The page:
Thus, leading to damaged rotors, caliper and a failing brake. With a faulty brake, you can become a victim of several accidents. That's why you should never ignore a grinding noise from your car.

Visual Clues To Brake Noise Problems

There are some changes that may appear on your brake pad surface that probably give an idea of the reason for the noise in your vehicle. If you "jack up" your car and remove the pads, and take a close look. You will find most of these symptoms, making it easier for you to identify the problem. Here are some clues:

1. Tapered pads

If you find a tampered pad, then the problem is caused by the caliper. It's either the caliper is distorted, there is excessive caliper clearance, or the caliper slides are sticking.

Quick Fix: Replace the pad set and service the caliper.

2. Damaged back plate

Check for a general wear and tear of the brake pads or forceful, incorrect fittings.

Quick Fix: Replace the entire brake pad set.

3. Uneven wear

If you notice an uneven wear and tear on the brake pad surface, it means there's uneven wear on the brake disc. You can even find a wear lip on the brake disc.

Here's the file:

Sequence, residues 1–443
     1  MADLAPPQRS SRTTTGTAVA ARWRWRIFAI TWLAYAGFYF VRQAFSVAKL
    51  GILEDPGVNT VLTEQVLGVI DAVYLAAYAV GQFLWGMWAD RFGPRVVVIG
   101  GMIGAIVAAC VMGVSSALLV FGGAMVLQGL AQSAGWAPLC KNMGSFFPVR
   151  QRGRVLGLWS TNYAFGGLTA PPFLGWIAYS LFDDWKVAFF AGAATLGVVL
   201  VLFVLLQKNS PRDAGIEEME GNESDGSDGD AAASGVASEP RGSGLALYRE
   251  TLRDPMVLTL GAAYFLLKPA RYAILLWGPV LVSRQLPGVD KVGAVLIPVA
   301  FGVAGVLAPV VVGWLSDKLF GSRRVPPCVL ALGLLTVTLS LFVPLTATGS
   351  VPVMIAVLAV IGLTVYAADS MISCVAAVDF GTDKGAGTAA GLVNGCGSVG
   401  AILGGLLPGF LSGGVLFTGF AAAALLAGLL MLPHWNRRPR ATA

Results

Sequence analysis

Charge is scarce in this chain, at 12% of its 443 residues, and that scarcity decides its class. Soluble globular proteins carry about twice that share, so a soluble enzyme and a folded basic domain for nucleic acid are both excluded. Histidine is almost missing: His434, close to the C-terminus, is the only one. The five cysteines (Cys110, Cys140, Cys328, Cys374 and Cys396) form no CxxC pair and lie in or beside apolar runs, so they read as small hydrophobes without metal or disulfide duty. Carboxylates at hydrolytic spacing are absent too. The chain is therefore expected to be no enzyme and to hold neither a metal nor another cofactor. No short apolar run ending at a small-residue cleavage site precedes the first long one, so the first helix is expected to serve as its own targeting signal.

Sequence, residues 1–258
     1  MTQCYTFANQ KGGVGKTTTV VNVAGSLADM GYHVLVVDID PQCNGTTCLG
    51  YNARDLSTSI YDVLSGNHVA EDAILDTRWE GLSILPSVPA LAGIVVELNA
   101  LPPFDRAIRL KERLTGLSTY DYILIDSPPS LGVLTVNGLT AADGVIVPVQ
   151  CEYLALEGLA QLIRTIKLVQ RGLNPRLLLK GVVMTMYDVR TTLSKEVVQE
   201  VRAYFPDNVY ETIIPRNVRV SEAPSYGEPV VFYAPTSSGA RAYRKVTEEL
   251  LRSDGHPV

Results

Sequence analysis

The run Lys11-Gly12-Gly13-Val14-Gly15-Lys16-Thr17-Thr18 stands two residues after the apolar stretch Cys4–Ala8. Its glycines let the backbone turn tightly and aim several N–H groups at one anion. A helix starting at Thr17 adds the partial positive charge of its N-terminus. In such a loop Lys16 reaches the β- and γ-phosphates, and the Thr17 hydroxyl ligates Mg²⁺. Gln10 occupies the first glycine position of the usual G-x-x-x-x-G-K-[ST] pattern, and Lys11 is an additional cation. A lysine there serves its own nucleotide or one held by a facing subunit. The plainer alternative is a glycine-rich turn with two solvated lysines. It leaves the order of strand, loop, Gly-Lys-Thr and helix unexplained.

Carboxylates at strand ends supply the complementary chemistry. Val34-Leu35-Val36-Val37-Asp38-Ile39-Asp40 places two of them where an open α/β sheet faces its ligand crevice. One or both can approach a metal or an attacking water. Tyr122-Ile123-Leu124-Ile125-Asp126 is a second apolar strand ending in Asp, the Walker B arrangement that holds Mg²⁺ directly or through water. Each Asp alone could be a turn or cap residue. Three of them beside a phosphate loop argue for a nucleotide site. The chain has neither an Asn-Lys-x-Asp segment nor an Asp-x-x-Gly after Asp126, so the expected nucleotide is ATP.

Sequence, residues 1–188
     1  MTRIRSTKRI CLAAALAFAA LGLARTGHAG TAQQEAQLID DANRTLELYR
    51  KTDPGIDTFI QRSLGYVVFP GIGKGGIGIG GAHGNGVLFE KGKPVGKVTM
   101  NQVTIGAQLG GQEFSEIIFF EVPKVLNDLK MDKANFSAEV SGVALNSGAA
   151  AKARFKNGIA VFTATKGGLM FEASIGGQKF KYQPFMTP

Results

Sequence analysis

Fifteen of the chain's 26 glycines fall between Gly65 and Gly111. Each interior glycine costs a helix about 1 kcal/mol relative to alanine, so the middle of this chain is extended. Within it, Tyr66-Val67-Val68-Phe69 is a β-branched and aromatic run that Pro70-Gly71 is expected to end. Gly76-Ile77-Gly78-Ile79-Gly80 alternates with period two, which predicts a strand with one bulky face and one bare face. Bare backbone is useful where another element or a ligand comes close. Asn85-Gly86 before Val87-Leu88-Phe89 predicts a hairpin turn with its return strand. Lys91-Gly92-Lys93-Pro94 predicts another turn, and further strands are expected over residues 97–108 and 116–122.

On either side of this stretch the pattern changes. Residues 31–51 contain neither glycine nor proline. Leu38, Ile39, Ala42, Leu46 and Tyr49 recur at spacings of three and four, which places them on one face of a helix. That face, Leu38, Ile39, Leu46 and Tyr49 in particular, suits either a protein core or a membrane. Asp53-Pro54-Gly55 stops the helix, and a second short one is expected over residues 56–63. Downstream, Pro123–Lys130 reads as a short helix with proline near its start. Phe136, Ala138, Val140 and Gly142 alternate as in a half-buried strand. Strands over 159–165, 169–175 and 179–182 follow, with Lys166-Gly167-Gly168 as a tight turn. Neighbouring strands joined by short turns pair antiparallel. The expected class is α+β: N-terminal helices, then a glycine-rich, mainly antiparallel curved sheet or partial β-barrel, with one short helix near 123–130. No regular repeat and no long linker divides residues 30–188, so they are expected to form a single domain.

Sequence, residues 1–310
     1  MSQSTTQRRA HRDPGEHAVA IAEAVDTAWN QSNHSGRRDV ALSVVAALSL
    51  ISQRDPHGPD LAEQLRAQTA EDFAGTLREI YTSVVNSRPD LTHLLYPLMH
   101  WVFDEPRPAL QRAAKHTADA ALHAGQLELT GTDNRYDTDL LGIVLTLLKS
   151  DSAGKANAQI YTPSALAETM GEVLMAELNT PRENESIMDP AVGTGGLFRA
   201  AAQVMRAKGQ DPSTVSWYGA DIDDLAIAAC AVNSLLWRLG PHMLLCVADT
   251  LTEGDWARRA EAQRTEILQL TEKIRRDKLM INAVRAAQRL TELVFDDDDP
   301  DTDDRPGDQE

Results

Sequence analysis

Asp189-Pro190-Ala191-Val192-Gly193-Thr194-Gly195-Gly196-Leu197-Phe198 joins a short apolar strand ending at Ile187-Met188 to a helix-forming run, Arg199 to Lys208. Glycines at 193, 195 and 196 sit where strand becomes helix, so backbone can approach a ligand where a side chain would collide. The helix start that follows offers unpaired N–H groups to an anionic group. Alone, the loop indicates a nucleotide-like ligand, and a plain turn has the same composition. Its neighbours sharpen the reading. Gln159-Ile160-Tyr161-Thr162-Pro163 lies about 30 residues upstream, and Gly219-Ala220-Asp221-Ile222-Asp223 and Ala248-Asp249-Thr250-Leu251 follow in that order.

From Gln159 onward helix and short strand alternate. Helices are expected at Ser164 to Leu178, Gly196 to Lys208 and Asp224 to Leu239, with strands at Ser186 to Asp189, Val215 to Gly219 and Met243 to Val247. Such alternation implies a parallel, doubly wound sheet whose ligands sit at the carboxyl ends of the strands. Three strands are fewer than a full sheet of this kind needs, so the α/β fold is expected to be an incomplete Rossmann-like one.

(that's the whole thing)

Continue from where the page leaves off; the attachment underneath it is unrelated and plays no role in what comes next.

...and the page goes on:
4. Uneven wear within the axle

If you notice an uneven wear or tear within the axle set or that it's worn out excessively. It means the guide pin or the caliper piston is sticking.

Quick Fix: Service the caliper slides and pistons, and replace the pads. Inspect the discs.

Damage from the piston

Sometimes, anti-noise features, like the rubber coat or shim, can be damaged by the piston. It occurs when the piston doesn’t fully retract or through heavy brake use and overheating.

Quick Fix: Replace the brake pads set and service the caliper.

How Do You Stop Brakes From Squeaking?

One of the major causes of squeaking brakes is incorrect brake pads and caliper assemblage. Here are some tips for proper assembly.

Strip and clean up the caliper slides and pins.

If heavy rust or pollutants are present, use emery paper to ensure the caliper can slide

Lubricate pins for free movement, or they can seize into the caliper body. Also, check the condition of the slide pin rubber boots if it's in good condition to stop water ingress.

Ensure there is free piston movement, and retract the piston fully. It will help to avoid any damage to the rubber coat or shim.

Check to see if the brake pads fit freely and easily into the caliper brackets.

Remove any burrs from the brake pad edges if need be. Ensure the pad is able to move freely inside the brackets to avoid any uneven wear or squealing.

Lubricate the contact points between the metal back plate and slides with copper grease. Be careful to not let no grease touch the friction materials. Preferably, follow manufacturer’s instructions.

Insert wear indicators in or on the brake pads.